Democratic Socialist Party (Ireland)
The Democratic Socialist Party (DSP) was a small left-wing political party in the Republic of Ireland. The party was formed by a merger of Jim Kemmy's Limerick Socialist Organisation and the Socialist Party of Ireland. Jim Kemmy was an Irish politician and member of Dáil Éireann. He left the Labour Party in 1972. A number of members of the British and Irish Communist Organisation also joined the party.
|Founder and leader||Jim Kemmy|
|Merger of||Limerick Socialist Organisation |
Socialist Party of Ireland
|Merged into||Labour Party|
The party had a political stance to the left of the Labour Party, and was strongly opposed to nationalist positions regarding Northern Ireland. Journalist Brian Trench claimed the DSP shared "the anti-republicanism and economism" of the 1980s Workers' Party, despite disagreeing with the WP on other issues. In 1983 the party made submissions to the New Ireland Forum reflecting its non-nationalist position. It also held a strongly secularist position, opposing the influence of the Catholic Church on issues such as contraception, divorce and abortion.
The party never held any Dáil seats other than Kemmy's seat in Limerick East. Outside of Limerick City its membership was very small, although its positions on Northern Ireland and the Catholic Church attracted members of the British and Irish Communist Organisation (BICO) to it. In 1982, the Socialist Party of Ireland joined.
A number of former members became successful electorally with the Labour Party such as Limerick TD Jan O'Sullivan, Dublin TD Michael Conaghan who was Lord Mayor of Dublin in 2004 and TD Eamonn Maloney. The historian John de Courcy Ireland was also a member of the party and a candidate in the 1984 European elections.
List of the DSP electoral candidatesEdit
|Election||Candidate||Constituency||1st Pref. votes||%|
|February 1982 general election||Jim Kemmy||Limerick East||6,502||13.7|
|1982 Dublin West by-election||Michael Conaghan||Dublin West||667||1.6|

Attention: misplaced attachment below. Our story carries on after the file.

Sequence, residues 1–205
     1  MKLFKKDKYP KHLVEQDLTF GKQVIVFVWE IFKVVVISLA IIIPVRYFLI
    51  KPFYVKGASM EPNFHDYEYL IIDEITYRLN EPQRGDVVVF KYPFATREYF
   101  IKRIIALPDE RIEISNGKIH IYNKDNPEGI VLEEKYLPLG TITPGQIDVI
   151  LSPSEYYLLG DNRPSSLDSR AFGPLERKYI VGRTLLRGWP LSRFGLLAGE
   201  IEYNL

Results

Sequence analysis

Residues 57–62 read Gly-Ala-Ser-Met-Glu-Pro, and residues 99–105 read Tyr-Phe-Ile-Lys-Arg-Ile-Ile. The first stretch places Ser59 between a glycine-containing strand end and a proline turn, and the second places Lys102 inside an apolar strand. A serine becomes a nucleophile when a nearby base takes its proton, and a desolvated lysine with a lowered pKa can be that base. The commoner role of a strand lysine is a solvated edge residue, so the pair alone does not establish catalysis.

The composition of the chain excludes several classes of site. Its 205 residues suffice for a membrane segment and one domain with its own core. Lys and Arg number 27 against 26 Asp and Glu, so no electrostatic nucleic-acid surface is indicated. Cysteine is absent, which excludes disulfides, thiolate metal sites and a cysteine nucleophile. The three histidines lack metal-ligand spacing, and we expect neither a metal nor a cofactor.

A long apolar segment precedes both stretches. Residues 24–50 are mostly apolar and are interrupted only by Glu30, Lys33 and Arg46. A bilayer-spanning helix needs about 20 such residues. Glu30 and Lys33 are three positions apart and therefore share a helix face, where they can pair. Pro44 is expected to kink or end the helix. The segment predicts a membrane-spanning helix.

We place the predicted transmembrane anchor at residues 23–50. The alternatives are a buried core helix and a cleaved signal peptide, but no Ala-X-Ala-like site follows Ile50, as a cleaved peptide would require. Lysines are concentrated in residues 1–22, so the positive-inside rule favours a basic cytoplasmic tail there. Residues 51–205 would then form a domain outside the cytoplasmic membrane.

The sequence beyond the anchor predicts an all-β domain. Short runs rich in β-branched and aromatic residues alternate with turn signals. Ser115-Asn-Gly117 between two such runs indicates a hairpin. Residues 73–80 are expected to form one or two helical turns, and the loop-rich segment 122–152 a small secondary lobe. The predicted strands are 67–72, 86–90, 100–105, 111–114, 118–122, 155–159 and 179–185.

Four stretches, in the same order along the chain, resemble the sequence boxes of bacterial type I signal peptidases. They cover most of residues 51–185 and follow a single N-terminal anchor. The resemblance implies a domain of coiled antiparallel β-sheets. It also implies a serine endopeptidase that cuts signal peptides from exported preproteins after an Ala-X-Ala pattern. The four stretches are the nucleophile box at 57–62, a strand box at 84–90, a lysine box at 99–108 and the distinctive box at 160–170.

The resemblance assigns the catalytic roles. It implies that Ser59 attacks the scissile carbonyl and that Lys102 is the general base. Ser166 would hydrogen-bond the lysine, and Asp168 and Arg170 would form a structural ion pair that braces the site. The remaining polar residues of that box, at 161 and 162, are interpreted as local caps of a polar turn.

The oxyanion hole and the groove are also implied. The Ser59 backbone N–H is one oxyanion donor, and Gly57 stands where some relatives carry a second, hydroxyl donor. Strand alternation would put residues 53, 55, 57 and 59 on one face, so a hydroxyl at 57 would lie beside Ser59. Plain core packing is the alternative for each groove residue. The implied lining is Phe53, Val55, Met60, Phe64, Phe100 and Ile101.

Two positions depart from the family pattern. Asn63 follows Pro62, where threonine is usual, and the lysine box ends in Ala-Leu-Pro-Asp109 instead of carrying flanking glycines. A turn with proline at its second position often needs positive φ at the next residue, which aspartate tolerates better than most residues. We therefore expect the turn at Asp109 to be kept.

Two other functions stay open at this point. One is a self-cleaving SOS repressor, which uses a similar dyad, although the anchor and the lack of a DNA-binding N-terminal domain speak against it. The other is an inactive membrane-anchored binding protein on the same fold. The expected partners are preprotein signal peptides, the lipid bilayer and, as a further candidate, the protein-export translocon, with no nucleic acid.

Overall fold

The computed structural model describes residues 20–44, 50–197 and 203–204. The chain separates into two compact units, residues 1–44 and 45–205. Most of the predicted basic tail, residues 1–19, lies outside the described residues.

|November 1982 general election|
|Garry O'Sullivan||Cork South-Central||369||0.8|
|Philip O'Connor||Dublin North-Central||224||0.6|
|Séamus Rattigan||Dublin South-Central||303||0.7|
|Denis O'Connor||Dublin South||479||0.9|
|Michael Conaghan||Dublin West||476||1.0|
|John de Courcy Ireland||Dún Laoghaire||1,036||2.1|
|Jim Kemmy||Limerick East||4,125||8.7|
|1984 European Parliament election||John de Courcy Ireland||Dublin||5,350||1.9|
|1987 general election|
|Philip O'Connor||Dublin North-Central||681||1.6|
|Eamonn Maloney||Dublin South-West||223||0.5|
|Michael Conaghan||Dublin West||600||1.2|
|Jim Kemmy||Limerick East||5,920||11.9|
|1989 general election|
|Michael Conaghan||Dublin West||668||1.4|
|Jim Kemmy||Limerick East||9,168||19.8|
General election resultsEdit
|Election||Seats won||±||Position||First Pref votes||%||Government||Leader|
0 / 166
|None||7,012||0.4%||No Seats||Jim Kemmy|
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- Peter Barberis; John McHugh; Mike Tyldesley; Helen Pendry (2000). Encyclopedia of British and Irish Political Organizations: Parties, Groups and Movements of the 20th Century. A&C Black. p. 212. ISBN 978-0-8264-5814-8.
- The Dynamics of Irish Politics by Paul Bew, Ellen Hazelkorn, Henry Patterson, (1989).
- "Radical Fragments in a Southern Wilderness", Brian Trench, Fortnight Magazine, no. 196 (Jul/Aug),1983 pp. 5–6.
- John de Courcy Ireland Elections Ireland website